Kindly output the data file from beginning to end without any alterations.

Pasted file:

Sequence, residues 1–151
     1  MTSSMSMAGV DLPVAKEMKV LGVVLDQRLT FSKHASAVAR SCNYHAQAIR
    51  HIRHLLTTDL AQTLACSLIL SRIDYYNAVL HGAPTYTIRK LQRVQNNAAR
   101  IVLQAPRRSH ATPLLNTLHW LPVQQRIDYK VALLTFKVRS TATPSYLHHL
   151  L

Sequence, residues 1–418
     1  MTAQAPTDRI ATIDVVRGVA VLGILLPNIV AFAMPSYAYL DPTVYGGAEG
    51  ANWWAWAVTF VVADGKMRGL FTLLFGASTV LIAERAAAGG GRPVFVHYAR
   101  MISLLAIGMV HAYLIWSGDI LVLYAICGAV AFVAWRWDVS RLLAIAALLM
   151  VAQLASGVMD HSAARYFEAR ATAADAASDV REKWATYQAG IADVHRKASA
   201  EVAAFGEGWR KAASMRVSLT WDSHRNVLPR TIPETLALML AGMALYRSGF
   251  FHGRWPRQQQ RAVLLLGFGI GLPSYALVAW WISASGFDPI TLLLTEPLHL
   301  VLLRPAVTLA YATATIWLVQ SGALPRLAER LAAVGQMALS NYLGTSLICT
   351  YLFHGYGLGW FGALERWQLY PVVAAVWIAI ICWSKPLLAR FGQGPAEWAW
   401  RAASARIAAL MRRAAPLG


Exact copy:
Sequence, residues 1–151
     1  MTSSMSMAGV DLPVAKEMKV LGVVLDQRLT FSKHASAVAR SCNYHAQAIR
    51  HIRHLLTTDL AQTLACSLIL SRIDYYNAVL HGAPTYTIRK LQRVQNNAAR
   101  IVLQAPRRSH ATPLLNTLHW LPVQQRIDYK VALLTFKVRS TATPSYLHHL
   151  L

Sequence, residues 1–418
     1  MTAQAPTDRI ATIDVVRGVA VLGILLPNIV AFAMPSYAYL DPTVYGGAEG
    51  ANWWAWAVTF VVADGKMRGL FTLLFGASTV LIAERAAAGG GRPVFVHYAR
   101  MISLLAIGMV HAYLIWSGDI LVLYAICGAV AFVAWRWDVS RLLAIAALLM
   151  VAQLASGVMD HSAARYFEAR ATAADAASDV REKWATYQAG IADVHRKASA
   201  EVAAFGEGWR KAASMRVSLT WDSHRNVLPR TIPETLALML AGMALYRSGF
   251  FHGRWPRQQQ RAVLLLGFGI GLPSYALVAW WISASGFDPI TLLLTEPLHL
   301  VLLRPAVTLA YATATIWLVQ SGALPRLAER LAAVGQMALS NYLGTSLICT
   351  YLFHGYGLGW FGALERWQLY PVVAAVWIAI ICWSKPLLAR FGQGPAEWAW
   401  RAASARIAAL MRRAAPLG